If nothing else, the [Melbourne] Cup is always a handy reminder Melbourne’s conceit of being Australia’s most ‘sophisticated’ city is a case of pulling a skivvy over a bogan, if not applying lipstick to a pig. Sam de Brito, Sydney Morning Herald, Nov 5, 2014
It seems more than a touch daft. A horse race, with its cruelties, its crudities, and its suggestions, capturing a nation the first Tuesday of every November, with aging commentators doing the rounds over dresses that you can hang coats off and casting about suggestions about odds. Agitated beasts are herded into cages awaiting the spring. But the Melbourne Cup, in terms of money and interest, is only growing.
The Cup has become a cultural spectacle of Australian life, one increasingly dedicated to obliterating sessions of inanity and sozzled intercourse. Workplaces conduct sweepstakes. Parties are organised across the country. The betting halls hum to the tune of cash and punt. A description is offered by Sydney Morning Herald columnist Sam de Brito: “If it’s anything like workplaces I’ve graced, it’s the pissheads and gamblers followed by the flighty types who get excited over everything except their job”.
It is, however, the alcohol consumption that would intrigue the anthropologists. It is done on vast scale, and it is done with committed purpose. “Like Australia Day and Anzac Day, the Cup Day is a uniquely Australian celebration that seems increasingly about getting slaughtered on the drink.”
If it had stayed confined to that, well and good. But this Cup did provide another disconcertingly ugly spectacle, one of those uncomfortable reminders to aficionados who dabble and profit from the equine racing industry. While animal rights activists tend to be treated by the horse racing industry as disconnected loons who scant understand the equine heart, their voice was heard over the din. After all, two horses had perished after racing proceedings.
As Racing Victoria’s Terry Bailey announced, “The favourite Admire Rakti upon returning to the tie-up stalls after the race has collapsed and died.” The seventh-placegetter Araldo broke his leg on a fence following the run, and was euthanized. The animal welfare organisation, the RSCPA, was not impressed. “Events like these are a stark reminder to the community of the real risks to horses associated with racing. This is a tragic outcome for both horses and we expect there to be a full and transparent investigation undertaken into both incidents.”
The animal rights activists were getting a slice of the publicity, venting over the treatment of animals in the name of spectatorship. The consequences for the animals engaged in the race tend to be serious. Injured horses are put down and disposed of. The stresses of travel, and the race itself, are strenuous. “We raced another horse to death,” observed Western Australian Greens Senator, Scott Ludlam. “Hope there’s plenty of champagne.”
Defenders cite the entire racing industry as putative necessity, giving the impression that such tournaments have an inexorable inevitability about it. Animals perish because other animals of the biped guzzling variety must get their fill. But another side of the commentary on such fallen animals is the peculiar suggestion that they race in such tortured settings because they, masochistically, like it. The Daily Telegraph, for instance, suggested that, “Thoroughbreds are meant to run. They thrive on it.” A bit of animal psychobabble goes a long way, with the editorial observing the enthusiasm of the winning horse, Protectionist, with his “jaunty post-race stroll to the winner’s area.”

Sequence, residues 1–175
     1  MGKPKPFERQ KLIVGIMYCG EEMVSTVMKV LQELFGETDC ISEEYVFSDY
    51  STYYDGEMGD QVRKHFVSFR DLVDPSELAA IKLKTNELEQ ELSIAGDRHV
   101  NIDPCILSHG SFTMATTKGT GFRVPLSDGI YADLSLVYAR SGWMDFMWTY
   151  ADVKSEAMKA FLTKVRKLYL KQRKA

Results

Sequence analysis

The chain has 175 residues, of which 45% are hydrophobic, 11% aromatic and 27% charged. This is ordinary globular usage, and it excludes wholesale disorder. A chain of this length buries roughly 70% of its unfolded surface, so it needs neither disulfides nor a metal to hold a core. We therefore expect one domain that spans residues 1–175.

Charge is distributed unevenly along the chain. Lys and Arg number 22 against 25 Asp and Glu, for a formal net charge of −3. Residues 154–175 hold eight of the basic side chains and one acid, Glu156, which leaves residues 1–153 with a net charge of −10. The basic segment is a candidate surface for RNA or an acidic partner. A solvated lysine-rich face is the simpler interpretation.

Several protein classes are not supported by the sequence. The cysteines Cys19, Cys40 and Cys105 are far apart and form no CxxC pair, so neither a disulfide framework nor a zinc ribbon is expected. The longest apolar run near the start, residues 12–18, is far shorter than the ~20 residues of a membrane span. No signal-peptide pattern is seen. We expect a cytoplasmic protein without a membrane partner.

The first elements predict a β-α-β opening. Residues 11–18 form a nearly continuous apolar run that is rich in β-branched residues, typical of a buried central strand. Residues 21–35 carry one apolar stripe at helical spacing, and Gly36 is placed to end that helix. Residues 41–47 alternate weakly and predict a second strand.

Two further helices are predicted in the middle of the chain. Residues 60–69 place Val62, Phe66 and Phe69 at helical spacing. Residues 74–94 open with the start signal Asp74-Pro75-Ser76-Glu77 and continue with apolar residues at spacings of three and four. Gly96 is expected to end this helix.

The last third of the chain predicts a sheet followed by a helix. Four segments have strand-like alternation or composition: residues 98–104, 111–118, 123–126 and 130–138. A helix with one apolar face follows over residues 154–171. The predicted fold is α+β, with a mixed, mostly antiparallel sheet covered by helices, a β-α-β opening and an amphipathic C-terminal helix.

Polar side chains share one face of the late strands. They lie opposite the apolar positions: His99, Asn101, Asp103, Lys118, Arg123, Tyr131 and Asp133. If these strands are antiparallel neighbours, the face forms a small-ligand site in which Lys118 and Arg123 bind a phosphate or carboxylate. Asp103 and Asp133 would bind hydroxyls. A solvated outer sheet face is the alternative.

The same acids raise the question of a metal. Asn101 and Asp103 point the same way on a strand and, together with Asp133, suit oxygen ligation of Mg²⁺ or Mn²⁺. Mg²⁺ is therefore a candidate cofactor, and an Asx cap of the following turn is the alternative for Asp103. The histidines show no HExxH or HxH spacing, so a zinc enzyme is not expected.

The grief shown for the animals – notably those in attendance of the game – tended to demonstrate mismatched ideas. Were they grieving for the fallen equine combatants forced to run to either an animal’s death or a human’s glory, or the loss of an asset to the value of hundreds of thousands? The loss of 125 horses last year, a reported by the Coalition for the Protection of Racehorses, suggests a heavy toll for a betting industry, and a heavy price for love.
Not so, according to some observers who see the figures as minute. There are 30,000 thoroughbreds racing in the industry, with 20,000 races in any given year. Just over 0.4 per cent of horses perish. “Another way of looking at that is that one horse dies every 160 races.” The slaughter, in short, is minimal, but it proves highly reductionist.
Justifications tended to come from those defending what was essentially a highly regulated industry, which is tantamount to suggesting that a regulated arms trade is still a good thing. In the view of the Daily Telegraph, “There is probably no sports industry more closely regulated and better policed than thoroughbred horse racing.”
With such prevailing views, the general view is that the industry will continue to thrive, and the spectators continue to come. Commentators note that horse racing is peculiarly bound up with Australian nationhood, be it the first race being held in Sydney’s Hyde Park in 1810, or the employing of tens of thousands of people. It is, in short, an industry of equine sacrifice that exists for itself.
The Melbourne Cup will continue to be that tormenting race that stops a nation. And the horses will continue being those unfortunate “equine athletes… forced to take part in being flogged around a paddock for the pleasure of 100,000 drunken halfwits.”
Dr. Binoy Kampmark was a Commonwealth Scholar at Selwyn College, Cambridge. He lectures at RMIT University, Melbourne. Email: [email protected]